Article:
Jolie Sexson had only ridden Perryfield’s Casper for four months before claiming the blue ribbon in the intermediate division over 30 riders at Twin Rivers Horse Trials, Oct. 1-3, in Paso Robles, Calif.
As they’re still getting to know each other, Sexson hadn’t pushed to make the cross-country time at her first few events with the 10-year-old, Irish Thoroughbred. “Our training just all clicked together this time,” Sexson said.
Sexson’s trainer and business partner, Tracy Bowman, purchased Perryfield’s Casper from a student in her barn, who had imported him from Leslie Law in Great Britain, then sold him when it came time for college. In Great Britain, the 16.3-hand dark bay had won the Gatcombe CIC** and completed the Le Lion D’Angers CCI** (France) in 2001. By Sexton Blake (by Mayhill), he’s out of Lucy’s Pickle.
“He’s well-trained; it’s easy to get on and go,” said Sexson, 23, of Martinez, Calif. “I’ve enjoyed him quite a bit.”
Sexson raved about the cross-country course, designed by Derek di Grazia. “It was a big, gallopy course, with great footing, and fairly technical,” she said. “It’s one of our better events in California, for sure.”
A corner combination–involving a skinny fence, followed by three long or four short strides to a corner, then a 90-degree turn to another corner–had Sexson somewhat concerned. She thought her horse jumped especially well through the water complex–a big table to a drop in, followed by angled coops on the way out.
“There was a lot of going forward and coming back, and he did that well, especially since it was at the end of the course, when they’re fairly tired,” she said.
Sexson, a full-time rider and trainer, was one of only six riders to make the cross-country time, moving her into the lead after her second-placed dressage test. A clear show jumping round gave her a nearly 10-point victory. “Show jumping isn’t my strongest point, but he’s very good,” she said. “I just have to let him go jump, not interfere too much.”
With the pair’s first win together under their belts, they’re preparing for the Galway Downs CCI** (Calif.) in November. “I had no idea we’d do that well,” said Sexson. “There were a lot of really good people in that division and great horses.”
Connie and Andrea Baxter of Twin Rivers Ranch ran 330 horses on the weekend, and Sexson can envision the event getting even bigger. “I can see maybe talking them into doing a three-day,” she said.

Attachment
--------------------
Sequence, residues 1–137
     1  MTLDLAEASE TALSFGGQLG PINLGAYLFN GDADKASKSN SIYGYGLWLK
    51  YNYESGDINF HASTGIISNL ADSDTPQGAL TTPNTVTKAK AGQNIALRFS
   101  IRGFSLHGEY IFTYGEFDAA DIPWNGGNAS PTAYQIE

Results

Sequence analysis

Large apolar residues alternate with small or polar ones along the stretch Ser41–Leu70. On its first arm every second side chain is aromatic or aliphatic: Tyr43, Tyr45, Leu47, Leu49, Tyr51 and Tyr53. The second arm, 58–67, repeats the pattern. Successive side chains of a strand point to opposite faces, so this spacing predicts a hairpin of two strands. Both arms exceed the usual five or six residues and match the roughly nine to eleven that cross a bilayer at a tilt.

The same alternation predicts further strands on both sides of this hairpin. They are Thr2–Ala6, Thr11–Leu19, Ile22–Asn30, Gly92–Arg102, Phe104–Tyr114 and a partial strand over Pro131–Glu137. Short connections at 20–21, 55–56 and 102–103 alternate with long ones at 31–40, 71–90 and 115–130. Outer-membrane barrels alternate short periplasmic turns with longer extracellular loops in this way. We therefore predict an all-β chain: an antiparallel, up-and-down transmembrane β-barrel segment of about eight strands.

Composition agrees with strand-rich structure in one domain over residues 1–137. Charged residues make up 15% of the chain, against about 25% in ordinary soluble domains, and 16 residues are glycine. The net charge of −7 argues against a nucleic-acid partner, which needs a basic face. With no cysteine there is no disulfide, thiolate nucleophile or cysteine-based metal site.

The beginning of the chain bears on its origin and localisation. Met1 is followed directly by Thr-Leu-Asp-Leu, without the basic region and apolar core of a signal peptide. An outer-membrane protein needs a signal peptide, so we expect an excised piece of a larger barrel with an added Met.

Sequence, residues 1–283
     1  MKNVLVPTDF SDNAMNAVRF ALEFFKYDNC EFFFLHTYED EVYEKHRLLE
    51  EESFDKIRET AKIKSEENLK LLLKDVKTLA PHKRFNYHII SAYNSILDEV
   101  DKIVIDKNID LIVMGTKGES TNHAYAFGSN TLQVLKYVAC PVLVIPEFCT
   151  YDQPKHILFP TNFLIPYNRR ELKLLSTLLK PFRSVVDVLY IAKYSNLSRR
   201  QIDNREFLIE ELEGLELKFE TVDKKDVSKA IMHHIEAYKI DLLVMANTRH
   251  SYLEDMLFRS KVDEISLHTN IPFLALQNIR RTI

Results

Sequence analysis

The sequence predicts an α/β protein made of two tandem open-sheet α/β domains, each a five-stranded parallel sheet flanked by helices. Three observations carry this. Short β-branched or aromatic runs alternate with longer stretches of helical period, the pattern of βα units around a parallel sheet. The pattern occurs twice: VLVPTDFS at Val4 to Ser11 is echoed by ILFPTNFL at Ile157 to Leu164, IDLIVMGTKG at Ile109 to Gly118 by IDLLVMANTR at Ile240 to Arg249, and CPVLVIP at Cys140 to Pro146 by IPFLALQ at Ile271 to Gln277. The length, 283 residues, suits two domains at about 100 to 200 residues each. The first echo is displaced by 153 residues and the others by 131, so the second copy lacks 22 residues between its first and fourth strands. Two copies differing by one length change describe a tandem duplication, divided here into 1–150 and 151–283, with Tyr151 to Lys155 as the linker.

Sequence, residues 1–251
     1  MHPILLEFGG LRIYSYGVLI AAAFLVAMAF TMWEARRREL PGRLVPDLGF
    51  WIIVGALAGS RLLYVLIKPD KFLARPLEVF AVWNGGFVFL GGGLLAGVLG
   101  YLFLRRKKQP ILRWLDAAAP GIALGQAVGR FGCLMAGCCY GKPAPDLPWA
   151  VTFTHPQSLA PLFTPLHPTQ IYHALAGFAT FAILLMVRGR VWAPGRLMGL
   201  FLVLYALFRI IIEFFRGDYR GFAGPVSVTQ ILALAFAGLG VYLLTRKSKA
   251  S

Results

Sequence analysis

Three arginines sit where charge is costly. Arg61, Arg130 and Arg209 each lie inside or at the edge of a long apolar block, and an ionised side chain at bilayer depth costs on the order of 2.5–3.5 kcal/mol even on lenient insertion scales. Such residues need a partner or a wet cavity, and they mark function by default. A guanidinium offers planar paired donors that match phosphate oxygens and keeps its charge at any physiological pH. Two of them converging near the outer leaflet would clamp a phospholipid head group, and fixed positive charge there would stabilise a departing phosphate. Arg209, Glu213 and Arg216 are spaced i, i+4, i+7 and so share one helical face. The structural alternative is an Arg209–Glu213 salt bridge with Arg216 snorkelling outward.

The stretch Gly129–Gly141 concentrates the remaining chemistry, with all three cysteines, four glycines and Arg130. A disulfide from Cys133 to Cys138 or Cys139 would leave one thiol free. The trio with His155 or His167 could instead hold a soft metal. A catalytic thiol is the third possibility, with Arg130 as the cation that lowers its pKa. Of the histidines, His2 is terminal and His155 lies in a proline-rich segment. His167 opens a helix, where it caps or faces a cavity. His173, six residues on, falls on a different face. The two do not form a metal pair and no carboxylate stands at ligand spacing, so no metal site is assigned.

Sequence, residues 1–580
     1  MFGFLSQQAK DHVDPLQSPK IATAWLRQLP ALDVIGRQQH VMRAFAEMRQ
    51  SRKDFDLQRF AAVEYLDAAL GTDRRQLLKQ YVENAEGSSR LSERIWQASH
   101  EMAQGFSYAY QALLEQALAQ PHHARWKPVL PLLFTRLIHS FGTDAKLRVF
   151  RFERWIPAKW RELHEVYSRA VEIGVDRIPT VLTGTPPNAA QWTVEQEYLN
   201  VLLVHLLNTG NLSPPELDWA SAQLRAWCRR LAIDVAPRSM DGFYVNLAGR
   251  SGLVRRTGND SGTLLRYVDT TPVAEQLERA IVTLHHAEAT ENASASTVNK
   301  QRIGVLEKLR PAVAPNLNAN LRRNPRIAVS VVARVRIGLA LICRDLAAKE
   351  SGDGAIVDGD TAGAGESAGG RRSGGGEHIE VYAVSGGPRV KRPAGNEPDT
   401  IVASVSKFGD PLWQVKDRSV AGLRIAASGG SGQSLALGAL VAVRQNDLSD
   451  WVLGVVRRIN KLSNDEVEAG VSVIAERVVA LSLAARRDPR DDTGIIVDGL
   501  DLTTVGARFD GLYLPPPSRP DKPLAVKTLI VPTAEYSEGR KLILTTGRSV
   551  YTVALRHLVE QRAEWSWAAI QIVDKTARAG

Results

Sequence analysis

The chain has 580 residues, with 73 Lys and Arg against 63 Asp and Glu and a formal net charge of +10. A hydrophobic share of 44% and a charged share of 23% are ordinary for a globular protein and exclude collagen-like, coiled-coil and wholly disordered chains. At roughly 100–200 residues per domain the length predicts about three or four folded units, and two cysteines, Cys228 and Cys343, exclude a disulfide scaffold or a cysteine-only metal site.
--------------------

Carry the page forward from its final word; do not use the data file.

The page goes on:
Sexson can also anticipate bigger things for Perryfield’s Casper. “I’m keeping my fingers crossed,” she said.
Tiffany Silverman, who finished second in the intermediate and claimed the Area VI Intermediate Championship, hasn’t had a long history with her horse either. She imported Never On Sunday from Australia last year, but her husband, veterinarian Mark Silverman, had to talk her into the purchase.
“This horse surprised me,” she said. “I thought he’d come along later. He’s a little sportscar, and I usually like the bigger, flashier types. But my husband saw a future in him.”
Since “Felix” was slightly aggressive to the fences when they purchased him from Shane Rose, he spent a few more months in Australia, with a jumper trainer, before Silverman brought him home.
Silverman, of Valley Center, Calif., started competing the 16-hand Thoroughbred in February. “We’re learning each other’s buttons, but, for the most part, he’s point and shoot,” she said. “It’s fun to just pat him on the landing side and keep going. He usually makes good decisions.”
The Twin Rivers venue, new this year, was a welcome addition to the calendar for Silverman.
“It was exciting to go somewhere new,” she said. “The choice of events is limited in California, and the footing here was spectacular from the start box to the finish flags. The jumps are solid and inviting and beautifully decorated. Every jump had a different feel and required a different type of riding.”
Starting with a series of skinnies on a hill at fence 3, Silverman thought the course demanded a lot of accuracy. “It was really exciting to ride something like that,” she said. “You had to jump a big jump, then come back and be accurate.”
Silverman started off in fifth place after dressage, thanks to help at home from J?Hoffmann in Encinitas, Calif. “He’s helped me take a sensitive horse and drive him into my hands,” said Sexson. “Now I can really ride him in the test.”
She also trains with Sarah Baldwin in show jumping, and eventer Jil Walton “puts it all together for me,” she said.
A clear show jumping round moved the pair from third to second overall. “He’s been a one-rail horse, so it was a thrill to jump clean,” she said. “It was his type of course–just keep coming forward. As his fitness level is up, getting ready for Galway Downs, he wasn’t feeling the effects of Saturday [cross-country].”
Silverman, 32, likes “quirky” names, although she isn’t sure how Never On Sunday got his moniker. “It’s a nice twist of fate that he did do it on a Sunday–he left all the rails up,” she said with a laugh.
She hopes to compete Felix at the advanced level next year, and over the winter, she plans to settle into her new farm, which she bought two weeks before the event. “Packing for the event, I didn’t know where half my stuff was,” said Silverman, a County Saddlery representative and master saddle fitter.